The rooms are, for live-aboard standards, very large. Our upper deck room had a double bed, a bunch bed on top of it (with very ample headroom), a chest of drawers, large windows, and superb air conditioning (that can, however, only be regulated via adjusting the vents). It measured perhaps 8 x 8 feet and at least seven feet high. Our bathroom had a decent shower, a nice sink, a window, a mirror, and a toilet. The were dispensers for soap and shampoo. As on many boats, you're supposed to put toilet paper in a waste paper basket next to the toilet, and not into the toilet itself. That sounds a bit gross, but works much better than I expected.

The mattresses were on the thin side, sort of like sofa cushions, but not uncomfortable. According to management, they will be replaced with thicker memory foam mattresses. We had two foam pillows for our double bed. We also found more than adequate power outlets. That's always a big plus if you bring along a lot of cameras and electronics.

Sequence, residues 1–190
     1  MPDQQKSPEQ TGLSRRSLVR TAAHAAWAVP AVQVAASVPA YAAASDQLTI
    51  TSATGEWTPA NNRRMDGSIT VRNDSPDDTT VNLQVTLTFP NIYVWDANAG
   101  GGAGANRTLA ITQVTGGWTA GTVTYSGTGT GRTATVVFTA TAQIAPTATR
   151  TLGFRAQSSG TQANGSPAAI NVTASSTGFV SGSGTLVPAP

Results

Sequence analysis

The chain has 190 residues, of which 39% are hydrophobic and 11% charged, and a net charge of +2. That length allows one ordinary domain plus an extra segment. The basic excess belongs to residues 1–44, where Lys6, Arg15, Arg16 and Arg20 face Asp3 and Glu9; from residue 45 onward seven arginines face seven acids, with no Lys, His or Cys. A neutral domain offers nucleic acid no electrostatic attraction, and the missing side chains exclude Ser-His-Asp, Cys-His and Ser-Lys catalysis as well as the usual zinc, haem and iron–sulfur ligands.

The dining room was downstairs in the hull; a relatively compact room with three large tables and bench seating that tended to get loud during meals.

The top deck of the Rocio provided an absolutely panoramic view. The was no roof to provide shade, but the feeling to be on top of everything, in the middle of the ocean, was amazing. We found lounging chairs, a barbecue grill, one of the two inflatables, a crane, and all sorts of gear, without it being cluttered.

After our first dinner, one of the dive masters, Mayo, did a briefing on the ship, safety measures, schedules, and he also introduced the crew. He first explained everything in Spanish and English, but it turned out that the Hispanic guests spoke and understand English much better than the Anglos understood Spanish, and so it was mostly English the whole trip.